Dramatic effect, or, The death of Genl. Duroc

description below

“The interior of a tent. Duroc, in his shirt, lies supported by a soldier on a wooden bed, while Napoleon (right) holds his right hand, turning away (to the right) and covering his face with his left hand. An officer stands solicitously beside the Emperor, supporting his left elbow. Another officer stands (left) behind the head of the low bed. On the extreme left a soldier bends over a table compounding medicaments. Duroc’s coat and sword lie on a camp-stool, beside his hat and boots. A glimpse of the distant camp is seen on the extreme right, where a Mameluke stands by the tent holding Napoleon’s horse. Duroc is addressing the Emperor, with his left arm extended. Their words are etched below the title: “Duroc, “My whole life has been consecrated to your service, nor do I regret its loss, but for the use it still might have been of to your Buonaparte, “Duroc!” there is a life to come; it is there you are going to wait for me, and where we shall one day meet again!” Duroc, “Yes Sire! but that will not be these thirty years, when you will have triumphed over your enimies [sic], and realised all the hopes of your country, I have lived an honest man: I have nothing to reproach myself with, ah! Sire! go away this sight gives you pain–Be, “Farewell then my friend”.”–British Museum online catalogue.

 

  • Printmaker: Williams, Charles, active 1797-1830, printmaker.
  • Title: Dramatic effect, or, The death of Genl. Duroc [graphic] : vide French Bulletin.
  • Publication: London : Pubd. June 9th, 1813, by Wm. Holland, No. 11 Cockspur Street, [9 June 1813]

Catalog Record

813.06.09.01

Acquired November 2020

The good man at the hour of death

see description belowAn allegorical print with two tableaux illustrating on the right, the end of a righteous life and on the left the end of the life of a man who made wealth his object of faith. The religious man in bed surrounded by books and against the background of an attractive library, is greeted by the winged figure of Time clutching a scythe and an hourglass. In contrast, the greedy man, his gouty leg wrapped in bandages and resting on a stool, recoils against the figure of a spear-wielding skeleton, upsetting his table.

  • Title: The good man at the hour of death [graphic] ; The bad man at the hour of death.
  • Publication: [London] : Sold by C. Sheppard, No. 19 Lambeth Hill, Doctors Commons, London, [between 1786 and 1791]

Catalog Record

786.00.00.83

Acquired June 2019

The last of the Boroughbridges

“Wetherell (left), an invalid in dressing-gown and night-cap, reclines in an arm-chair, exhausted but laughing. Facing him stands Eldon in deep dejection, saying, with both hands raised, ‘Poor Boroughbridge! how is it with you?’ Cumberland, on the extreme right, stands behind Eldon, covering his face with his handkerchief; he says: ‘Facetious to the last!–It is quite affecting!’ Horace Twiss leans on the back of Wetherell’s chair; Chandos, dressed as a woman, stoops over the patient; both are smiling. Wetherell: ‘All over my friends! just in time to hear my “last speech and dying words”! But dont look so grave about it, I assure you we treat the matter in our house as if it was an excellent joke–to be sent out of the world with a dose of Russell’s purge”! is so droll; & then, we are to have such a merry funeral’. On a commode is a bottle labelled ‘Russell’s purge’. Peel, smiling, and Goulburn, holding a handkerchief to his face and leaning on Peel, watch from the background.”–British Museum online catalogue.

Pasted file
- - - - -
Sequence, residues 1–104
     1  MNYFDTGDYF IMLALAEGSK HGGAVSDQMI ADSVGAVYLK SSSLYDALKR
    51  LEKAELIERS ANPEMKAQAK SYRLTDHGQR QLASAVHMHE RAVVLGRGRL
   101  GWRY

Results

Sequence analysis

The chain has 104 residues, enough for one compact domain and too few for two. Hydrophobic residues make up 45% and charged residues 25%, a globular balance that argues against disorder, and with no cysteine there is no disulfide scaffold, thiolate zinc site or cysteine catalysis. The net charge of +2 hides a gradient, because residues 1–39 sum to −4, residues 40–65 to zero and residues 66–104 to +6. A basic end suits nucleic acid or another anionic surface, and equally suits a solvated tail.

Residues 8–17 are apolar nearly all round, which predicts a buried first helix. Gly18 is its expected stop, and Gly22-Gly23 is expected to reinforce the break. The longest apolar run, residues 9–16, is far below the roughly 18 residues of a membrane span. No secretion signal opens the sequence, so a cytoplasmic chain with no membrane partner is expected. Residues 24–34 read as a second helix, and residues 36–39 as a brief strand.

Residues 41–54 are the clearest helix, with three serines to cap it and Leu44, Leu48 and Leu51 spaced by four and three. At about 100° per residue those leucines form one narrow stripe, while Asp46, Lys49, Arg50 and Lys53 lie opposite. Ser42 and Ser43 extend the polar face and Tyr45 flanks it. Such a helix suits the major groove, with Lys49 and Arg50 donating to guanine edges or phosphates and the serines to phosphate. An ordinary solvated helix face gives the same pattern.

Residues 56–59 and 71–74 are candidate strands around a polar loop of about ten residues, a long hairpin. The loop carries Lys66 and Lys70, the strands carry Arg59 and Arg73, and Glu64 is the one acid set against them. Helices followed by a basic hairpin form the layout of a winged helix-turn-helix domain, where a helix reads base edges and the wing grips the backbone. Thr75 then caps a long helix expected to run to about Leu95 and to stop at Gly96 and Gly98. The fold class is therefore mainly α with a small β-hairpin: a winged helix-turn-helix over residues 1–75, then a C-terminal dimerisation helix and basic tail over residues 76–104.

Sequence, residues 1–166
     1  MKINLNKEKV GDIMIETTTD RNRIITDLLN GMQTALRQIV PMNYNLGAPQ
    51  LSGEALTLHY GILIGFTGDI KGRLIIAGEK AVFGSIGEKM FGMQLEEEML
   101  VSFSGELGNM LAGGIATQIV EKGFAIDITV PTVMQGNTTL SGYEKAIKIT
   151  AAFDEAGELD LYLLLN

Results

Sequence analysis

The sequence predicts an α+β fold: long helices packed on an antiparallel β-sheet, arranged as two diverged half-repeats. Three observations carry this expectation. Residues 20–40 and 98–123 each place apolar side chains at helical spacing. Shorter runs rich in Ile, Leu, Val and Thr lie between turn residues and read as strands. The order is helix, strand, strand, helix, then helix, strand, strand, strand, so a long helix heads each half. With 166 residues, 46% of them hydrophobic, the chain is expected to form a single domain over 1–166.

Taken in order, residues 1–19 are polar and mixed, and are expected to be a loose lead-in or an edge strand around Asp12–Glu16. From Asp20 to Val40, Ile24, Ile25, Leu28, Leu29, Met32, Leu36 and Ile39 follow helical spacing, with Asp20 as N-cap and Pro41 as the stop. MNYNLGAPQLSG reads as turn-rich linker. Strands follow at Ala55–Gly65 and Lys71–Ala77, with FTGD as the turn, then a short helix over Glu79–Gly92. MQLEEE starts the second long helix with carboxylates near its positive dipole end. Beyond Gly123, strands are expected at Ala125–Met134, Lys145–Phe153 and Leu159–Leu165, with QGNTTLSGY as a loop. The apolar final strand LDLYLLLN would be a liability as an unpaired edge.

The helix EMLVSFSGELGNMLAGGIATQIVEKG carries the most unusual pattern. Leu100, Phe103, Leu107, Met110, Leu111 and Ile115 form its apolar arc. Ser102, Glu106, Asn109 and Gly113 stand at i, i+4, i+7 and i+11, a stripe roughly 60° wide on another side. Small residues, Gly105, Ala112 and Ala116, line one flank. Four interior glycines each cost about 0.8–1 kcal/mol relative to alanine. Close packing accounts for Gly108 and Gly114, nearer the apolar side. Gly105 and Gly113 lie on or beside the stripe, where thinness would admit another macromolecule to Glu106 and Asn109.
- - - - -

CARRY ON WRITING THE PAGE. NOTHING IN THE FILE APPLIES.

• CreatorDoyle, John, 1797-1868, lithographer.
  • TitleThe last of the Boroughbridges [graphic] / HB [monogram].
  • PublicationLondon : Published by Thos. McLean, 26 Haymarket, March 7th, 1831.
  • Manufacture[London] : Printed by C. Motte, 25 Leicester Sqre.

Catalog Record

831.03.07.01+

Acquired March 2018

The last of the Boroughbridges

“Wetherell (left), an invalid in dressing-gown and night-cap, reclines in an arm-chair, exhausted but laughing. Facing him stands Eldon in deep dejection, saying, with both hands raised, ‘Poor Boroughbridge! how is it with you?’ Cumberland, on the extreme right, stands behind Eldon, covering his face with his handkerchief; he says: ‘Facetious to the last!–It is quite affecting!’ Horace Twiss leans on the back of Wetherell’s chair; Chandos, dressed as a woman, stoops over the patient; both are smiling. Wetherell: ‘All over my friends! just in time to hear my “last speech and dying words”! But dont look so grave about it, I assure you we treat the matter in our house as if it was an excellent joke–to be sent out of the world with a dose of Russell’s purge”! is so droll; & then, we are to have such a merry funeral’. On a commode is a bottle labelled ‘Russell’s purge’. Peel, smiling, and Goulburn, holding a handkerchief to his face and leaning on Peel, watch from the background.”–British Museum online catalogue, description of the original version of the print.

  • TitleThe last of the Boroughbridges [graphic] / HB [monogram].
  • Publication[London] : Pub. by S. Gans, Southampton Street, Strand, March 14th, 1831.

Catalog Record 

831.03.14.01+

Acquired March 2018